Solved Help with migration to git

PMc

Daemon

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And as for git usage: You can create as many clones as you like, but why would you, just for looking at a different branch?
While building (e.g. world), one certainly cannot switch the branch. And building tends to take a while.

And typically, while I glance at the output of the test build, I suddenly remember those security patches for the production version which I wanted to apply. Or something similar.
(I do already run the scripted builds from zfs snapshot/clone, for that reason.)
 

Jose

Aspiring Daemon

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Ahh, thanks for mentioning, this brings up the backup topic. And while one does not want to copy the whole repo into some backup stprage, the local patches are certainly worth being cared for.
Copy the whole repo is what I would do when I was learning Git, and I was fixin' to do something dangerous. A git directory is completely self-contained. All the metadata lives under the .git directory. Some of it is plain text files, like the .git/config file. I'm a big fan of this simplicity.

You can even get really fancy and set up a copy of your Git repository as a local remote. I found use for that when I had to walk away from a Git repo, but wanted to git-cherry-pick(1) some good commits out of the b0rked copy.
 

Zirias

Daemon

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While building (e.g. world), one certainly cannot switch the branch.
If you REALLY run into a situation where you MUST look at two different branches in your filesystem at the same time, you can still just clone the repo locally (this won't touch the working copy of the repo you're cloning, so it doesn't matter when a build is running). Local clones are special, they use hardlinks wherever possible, to save space and time for cloning. So, you could for example do something like this:
Code:
git clone -b releng/13.0 --single-branch /usr/src /usr/src-13rc2

Of course --single-branch is just an example here, you might want a clone with all branches, you can use this for your *local* branches just as well, you can even do commits in the cloned repository and push them back to your original one later. Welcome to a "real" SCM :cool:
 

PMc

Daemon

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This is not tested, but something like
Code:
# Initial setup
git switch -c local-desktop1 origin/branches/2021Q1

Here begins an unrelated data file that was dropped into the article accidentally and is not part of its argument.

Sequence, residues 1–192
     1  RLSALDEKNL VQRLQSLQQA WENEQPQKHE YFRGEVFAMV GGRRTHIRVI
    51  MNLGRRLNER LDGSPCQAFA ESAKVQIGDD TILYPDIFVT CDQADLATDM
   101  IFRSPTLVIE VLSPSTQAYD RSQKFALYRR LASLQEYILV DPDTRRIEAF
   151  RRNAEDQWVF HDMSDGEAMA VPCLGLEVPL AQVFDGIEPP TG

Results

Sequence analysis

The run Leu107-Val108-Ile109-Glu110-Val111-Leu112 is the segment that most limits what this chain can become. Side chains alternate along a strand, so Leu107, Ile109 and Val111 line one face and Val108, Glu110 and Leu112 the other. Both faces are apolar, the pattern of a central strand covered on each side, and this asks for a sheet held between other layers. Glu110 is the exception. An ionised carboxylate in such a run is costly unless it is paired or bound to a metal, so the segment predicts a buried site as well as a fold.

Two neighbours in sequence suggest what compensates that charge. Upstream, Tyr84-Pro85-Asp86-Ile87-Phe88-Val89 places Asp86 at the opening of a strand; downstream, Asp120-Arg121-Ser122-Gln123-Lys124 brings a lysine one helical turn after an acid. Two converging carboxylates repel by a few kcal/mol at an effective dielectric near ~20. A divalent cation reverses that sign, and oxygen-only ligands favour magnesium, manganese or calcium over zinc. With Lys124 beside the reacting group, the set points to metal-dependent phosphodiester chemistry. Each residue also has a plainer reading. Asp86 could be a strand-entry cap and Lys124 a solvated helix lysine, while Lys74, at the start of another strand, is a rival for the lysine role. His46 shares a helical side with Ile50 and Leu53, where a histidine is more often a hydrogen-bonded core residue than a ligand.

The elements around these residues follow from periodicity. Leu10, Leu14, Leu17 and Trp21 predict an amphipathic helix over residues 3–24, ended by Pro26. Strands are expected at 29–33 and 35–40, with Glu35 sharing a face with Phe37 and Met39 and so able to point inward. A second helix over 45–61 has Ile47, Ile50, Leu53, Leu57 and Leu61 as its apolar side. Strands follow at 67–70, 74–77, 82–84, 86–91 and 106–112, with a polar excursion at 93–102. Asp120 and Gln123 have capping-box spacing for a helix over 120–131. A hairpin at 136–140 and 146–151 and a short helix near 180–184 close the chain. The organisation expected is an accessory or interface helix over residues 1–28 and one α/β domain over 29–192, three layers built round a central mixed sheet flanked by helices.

(make some changes)
git add (...)
git commit (...)

# Update upstream branch
git fetch branches/2021Q1
git switch local-desktop1
git rebase origin/branches/2021Q1

# New quarterly branch
git fetch branches/2021Q2
git switch local-desktop1
git rebase origin/branches/2021Q2
The last line did not work as intended. It did rebase not only the local commits, but also the public security fixes that went into 2021Q1, resulting in lots of merge conflicts.

With the help of the manpages I then was somehow successful with this:
git rebase --onto origin/branches/2021Q2 origin/branches/2021Q1 local-desktop1
git branch --set-upstream-to origin/branches/2021Q2


Then I tried if one could daisy-chain those branches (as I am quite tired of editing the same patch for N machines), i.e. create a
local-general, based on origin/branches/2021Q2 (for all the common local patches), and then a
local-desktop1, based on local-general, for the things specific to this machine (e.g. kernelconfig)
And this seems to work also.

OTOH, the versatility has a downside. I created a local branch from Rel 10.2, changed something in etc/syslog.conf, and added a new file into etc/ppp.
Then I did rebase the local branch to Rel 12.2. This did run without any error or warning.

The etc/syslog.conf does no longer exist in 12.2. It is now in sbin/syslog. The patch was nicely moved along to the new location.
The etc/ppp directory does also no longer exist in 12.2, as the content has been moved to usr.sbin/ppp. Now it was created and the new file is still there.

Certainly those actions taken are the most practical solution to handle such things. But, looking at the history now does not give much clue about what has happened. There seems no way to list commits with the changed files (except full diffs), and no information whatsoever seems to exist about where the change was originally created, or on which branch.

So I think I got the point why You guys warn about rebase being dangerous. It practically destroys the history.